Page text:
News & Politics

Biden Will Back Repeal of Authorizations for Use of Military Force

Jae C. Hong

President Joe Biden has signaled a willingness to repeal congressional authorizations for military force that are decades old and replace them with a less expansive, more targeted authorization in order to end the “forever wars” the U.S. is involved in.

White House press secretary Jen Psaki told Politico that the president wants to “ensure that the authorizations for the use of military force currently on the books are replaced with a narrow and specific framework that will ensure we can protect Americans from terrorist threats while ending the forever wars.”

A bipartisan group of lawmakers will introduce a bill later this week that would repeal the 2002 Authorization for the Use of Military Force and one passed in 1991 ahead of the first Iraq War.

Senators proposed the measure amid bipartisan anger over Biden’s decision to launch retaliatory airstrikes against Iran-backed militia groups in Syria last week without first seeking congressional approval. The operation frustrated many of Biden’s allies on the Hill and renewed longstanding concerns among Democrats and Republicans alike that Congress has abdicated its constitutional role in declaring war and authorizing military operations.

“Tim Kaine has been a leader on questions of war powers throughout his time in the Senate,” Psaki said in her statement, “and has helped build a strong bipartisan coalition that understands the importance of Congress’s constitutional prerogatives.”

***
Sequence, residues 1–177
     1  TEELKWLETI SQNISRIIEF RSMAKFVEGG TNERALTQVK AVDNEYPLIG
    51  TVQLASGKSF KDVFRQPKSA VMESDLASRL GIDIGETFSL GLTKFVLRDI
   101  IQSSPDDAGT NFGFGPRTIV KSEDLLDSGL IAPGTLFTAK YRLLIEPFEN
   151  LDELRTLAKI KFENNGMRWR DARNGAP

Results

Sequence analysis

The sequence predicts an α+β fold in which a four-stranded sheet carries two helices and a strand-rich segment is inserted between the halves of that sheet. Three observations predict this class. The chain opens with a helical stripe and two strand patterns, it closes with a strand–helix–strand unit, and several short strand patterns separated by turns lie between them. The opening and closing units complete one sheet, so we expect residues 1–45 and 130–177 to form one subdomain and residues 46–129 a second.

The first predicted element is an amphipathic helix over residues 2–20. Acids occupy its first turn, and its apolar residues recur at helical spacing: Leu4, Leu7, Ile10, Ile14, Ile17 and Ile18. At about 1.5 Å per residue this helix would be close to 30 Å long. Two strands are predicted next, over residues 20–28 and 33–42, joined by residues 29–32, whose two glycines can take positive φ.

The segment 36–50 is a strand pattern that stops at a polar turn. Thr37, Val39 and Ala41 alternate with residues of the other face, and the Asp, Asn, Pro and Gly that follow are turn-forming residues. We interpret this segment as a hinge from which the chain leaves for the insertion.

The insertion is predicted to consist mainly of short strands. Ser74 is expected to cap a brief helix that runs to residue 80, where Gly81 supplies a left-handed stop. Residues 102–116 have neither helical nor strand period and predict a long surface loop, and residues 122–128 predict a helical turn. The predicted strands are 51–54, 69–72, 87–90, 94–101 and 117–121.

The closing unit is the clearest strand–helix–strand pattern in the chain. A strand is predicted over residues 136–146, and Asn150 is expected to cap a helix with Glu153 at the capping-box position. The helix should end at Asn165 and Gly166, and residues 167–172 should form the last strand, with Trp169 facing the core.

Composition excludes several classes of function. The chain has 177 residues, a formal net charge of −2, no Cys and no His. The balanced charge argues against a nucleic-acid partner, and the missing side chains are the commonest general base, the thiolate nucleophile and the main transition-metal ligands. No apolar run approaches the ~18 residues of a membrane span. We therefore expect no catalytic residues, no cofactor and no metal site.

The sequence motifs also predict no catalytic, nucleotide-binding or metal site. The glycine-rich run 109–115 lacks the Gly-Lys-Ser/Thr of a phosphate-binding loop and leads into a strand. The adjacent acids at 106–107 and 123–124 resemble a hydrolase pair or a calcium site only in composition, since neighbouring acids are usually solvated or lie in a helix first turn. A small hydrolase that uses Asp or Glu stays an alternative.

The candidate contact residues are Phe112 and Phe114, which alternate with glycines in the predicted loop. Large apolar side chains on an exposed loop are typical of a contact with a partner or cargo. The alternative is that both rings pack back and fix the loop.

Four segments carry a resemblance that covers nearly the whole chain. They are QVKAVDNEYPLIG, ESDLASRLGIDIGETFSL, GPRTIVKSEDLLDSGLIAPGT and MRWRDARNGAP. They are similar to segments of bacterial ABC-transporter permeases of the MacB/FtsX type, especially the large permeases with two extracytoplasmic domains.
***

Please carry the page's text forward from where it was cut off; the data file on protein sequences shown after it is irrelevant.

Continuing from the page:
A spokesperson for Kaine said the senator “is already in bipartisan discussion with his colleagues and the administration.”

The questions raised by repealing the 2002 AUMF are very serious because they deal with conflicts in Yemen, Somalia, southern Africa, Nigeria, and Syria — places where American troops are deployed to combat the Islamic State, al-Qaeda, and other terrorist organizations that threaten U.S. allies in the region. Barack Obama used the 2002 AUMF as a legal basis for the deployments despite some in Congress questioning its legality. Without that legal framework, would Biden pull out of those hotspots?

The problem isn’t the legality of sending troops to war. It’s the judgment of the commander-in-chief. How many of those terrorists directly threaten the people or the sovereign territory of the U.S. and should a president commit the blood and treasure of the United States to combat the threat?

But unlike in previous administrations, the Pentagon did not cite any of the previous war authorizations as the legal justifications for the Syria strikes, signaling it plans to pursue a different approach.

Instead, Pentagon press secretary John Kirby pointed to Article II of the Constitution, which grants the commander-in-chief “not only the authority but the obligation to protect American forces,” as well as Article 51 of the United Nations charter, which grants members the right to self defense.

Is the best way to protect American forces to pull them out and bring them home? Only the commander-in-chief can decide that and that’s why it’s imperative that Congress thread the needle and allow for an advisory role while maintaining the president’s authority.

I don’t trust Congress to get it right and I don’t trust Biden to safeguard the powers of the commander-in-chief. The world is entering a volatile period where conflicts are going to intensify and multiply. You want America to use its enormous power judiciously and for good reasons.

Tying the president’s hands too tightly so that he has to ask permission of Congress for every military deployment would risk disaster.